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Ships Act (ship safety)

This information is provided by

Netherlands Enterprise Agency, RVO

The Dutch Ships Act (Schepenwet) aims at preventing shipping disasters at sea and addresses such issues as ship safety and shipping disaster investigations.

Are you the captain or master of a ship? You are responsible for your ship’s safety. The Dutch Ships Act (Schepenwet) aims at preventing shipping disasters at sea and addresses such issues as ship safety and shipping disaster investigations. It applies to all Dutch ships with the exception of pleasure craft that do not carry paying passengers and lifeboats.

Preventing shipping disasters

You must keep to the safety requirements to prevent shipping disasters. These requirements apply to your crew and cargo as well. A ship must have a number of documents and certificates before it can be used. In addition, it must fulfil a number of requirements, such as the presence of sea charts, radio equipment, and rescue and safety equipment. the Human Environment and Transport Inspectorate (Inspectie Leefomgeving en Transport, ILT) oversees compliance with the requirements.

Captain's obligations

The captain must also fulfil a number of obligations. You must for instance keep a journal during the journey. If defects to the ship occur when sailing you must repair these.

Armed security on ships

Are you active in merchant shipping and do you sail through specific at-risk areas? You may hire armed private security on board if you meet the conditions. The Dutch coast guard must approve your request.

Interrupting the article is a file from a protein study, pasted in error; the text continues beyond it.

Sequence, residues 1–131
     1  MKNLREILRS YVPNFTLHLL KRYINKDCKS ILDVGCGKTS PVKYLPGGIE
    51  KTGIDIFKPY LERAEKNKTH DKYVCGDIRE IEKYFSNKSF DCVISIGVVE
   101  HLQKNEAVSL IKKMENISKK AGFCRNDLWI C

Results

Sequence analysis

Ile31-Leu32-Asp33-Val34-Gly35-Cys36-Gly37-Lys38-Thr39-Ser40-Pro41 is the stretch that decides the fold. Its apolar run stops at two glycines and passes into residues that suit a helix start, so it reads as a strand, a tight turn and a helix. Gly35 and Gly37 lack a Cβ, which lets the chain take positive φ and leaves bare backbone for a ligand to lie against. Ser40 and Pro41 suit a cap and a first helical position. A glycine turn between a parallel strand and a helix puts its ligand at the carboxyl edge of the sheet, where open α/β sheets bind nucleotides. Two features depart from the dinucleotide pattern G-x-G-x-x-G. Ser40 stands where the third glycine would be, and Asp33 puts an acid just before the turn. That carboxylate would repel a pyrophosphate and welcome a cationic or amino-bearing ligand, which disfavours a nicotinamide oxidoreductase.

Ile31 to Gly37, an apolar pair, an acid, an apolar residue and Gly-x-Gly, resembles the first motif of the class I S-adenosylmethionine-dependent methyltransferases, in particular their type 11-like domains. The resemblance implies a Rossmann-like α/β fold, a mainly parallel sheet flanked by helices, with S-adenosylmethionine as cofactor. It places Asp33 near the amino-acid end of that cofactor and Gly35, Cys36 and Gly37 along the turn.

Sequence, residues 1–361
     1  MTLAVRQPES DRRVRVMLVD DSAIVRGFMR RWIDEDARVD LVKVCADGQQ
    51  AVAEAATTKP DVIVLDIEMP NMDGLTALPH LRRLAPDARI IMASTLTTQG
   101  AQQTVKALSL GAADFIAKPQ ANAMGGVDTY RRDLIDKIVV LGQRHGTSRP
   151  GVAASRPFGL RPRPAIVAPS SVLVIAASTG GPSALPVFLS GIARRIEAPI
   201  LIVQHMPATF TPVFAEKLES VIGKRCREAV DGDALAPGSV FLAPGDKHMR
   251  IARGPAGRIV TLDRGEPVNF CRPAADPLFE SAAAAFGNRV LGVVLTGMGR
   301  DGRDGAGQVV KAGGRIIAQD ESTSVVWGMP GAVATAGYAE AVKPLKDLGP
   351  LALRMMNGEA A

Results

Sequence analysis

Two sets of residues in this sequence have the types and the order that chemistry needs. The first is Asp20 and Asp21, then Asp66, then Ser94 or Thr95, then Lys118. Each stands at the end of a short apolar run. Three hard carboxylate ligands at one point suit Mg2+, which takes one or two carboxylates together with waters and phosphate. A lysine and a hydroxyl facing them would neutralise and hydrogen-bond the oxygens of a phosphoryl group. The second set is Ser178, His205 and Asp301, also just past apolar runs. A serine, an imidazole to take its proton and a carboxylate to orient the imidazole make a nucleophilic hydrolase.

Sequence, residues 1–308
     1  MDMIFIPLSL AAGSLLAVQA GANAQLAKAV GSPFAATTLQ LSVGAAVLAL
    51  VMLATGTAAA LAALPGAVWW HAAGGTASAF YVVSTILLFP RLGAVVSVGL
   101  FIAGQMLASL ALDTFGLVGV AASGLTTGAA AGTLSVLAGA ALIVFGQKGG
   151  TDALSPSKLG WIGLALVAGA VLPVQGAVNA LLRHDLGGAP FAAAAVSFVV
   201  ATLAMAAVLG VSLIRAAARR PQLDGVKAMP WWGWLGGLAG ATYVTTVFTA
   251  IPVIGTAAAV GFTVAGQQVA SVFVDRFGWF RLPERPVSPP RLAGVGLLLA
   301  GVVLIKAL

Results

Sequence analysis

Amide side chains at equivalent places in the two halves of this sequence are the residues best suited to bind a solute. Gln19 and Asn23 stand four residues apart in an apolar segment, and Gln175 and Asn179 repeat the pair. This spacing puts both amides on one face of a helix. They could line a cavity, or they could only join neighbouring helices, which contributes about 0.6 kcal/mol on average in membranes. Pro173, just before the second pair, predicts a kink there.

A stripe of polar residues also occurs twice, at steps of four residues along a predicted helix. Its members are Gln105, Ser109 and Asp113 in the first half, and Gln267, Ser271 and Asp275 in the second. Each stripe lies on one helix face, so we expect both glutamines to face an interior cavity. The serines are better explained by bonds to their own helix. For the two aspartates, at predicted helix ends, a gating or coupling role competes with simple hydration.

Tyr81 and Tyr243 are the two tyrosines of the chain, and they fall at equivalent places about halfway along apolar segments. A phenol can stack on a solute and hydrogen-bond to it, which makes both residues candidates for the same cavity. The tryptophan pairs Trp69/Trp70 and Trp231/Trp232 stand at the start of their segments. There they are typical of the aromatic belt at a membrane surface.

Do you own a private security company? With a Private Maritime Security Company (PMSC) permit you may offer armed security for ships. You can apply for the PMSC-license to the Human Environment and Transport Inspectorate (Inspectie Leefomgeving en Transport, ILT).

Reporting accidents

Accidents such as collisions, grounding, fire or capsizing must be reported immediately to the ILT. You must also report work accidents. ILT carries out an investigation after a shipping accident at sea. In some instances the Dutch Safety Board (Onderzoeksraad voor de Veiligheid, OVV) also carries out an investigation.

Notification duty weight shipping containers

Freight forwarders or hauliers are obliged to notify the correct weight of sea containers to the shipping line before loading. If they fail to do so, the ship's master must refuse to load these containers.

Insurance against bunker oil damage

In the Netherlands, if you own an ocean-going vessel larger than 1,000 tons, you must be insured against damage from leakage of bunker oil (fuel for ocean-going vessels). The mandatory insurance guarantees that victims of damage will be compensated for a part of their loss. ILT issues bunker certificates that prove that you are insured.

Wreck removal insurance

Ship owners need to have insurance for wreck removal in the event of a maritime casualty. If the shipowner is unable to remove the wreck, Rijkswaterstaat will have it removed for them. Shipowners can address their insurance company to cover the wreck removal costs.

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This information is provided by

Netherlands Enterprise Agency, RVO
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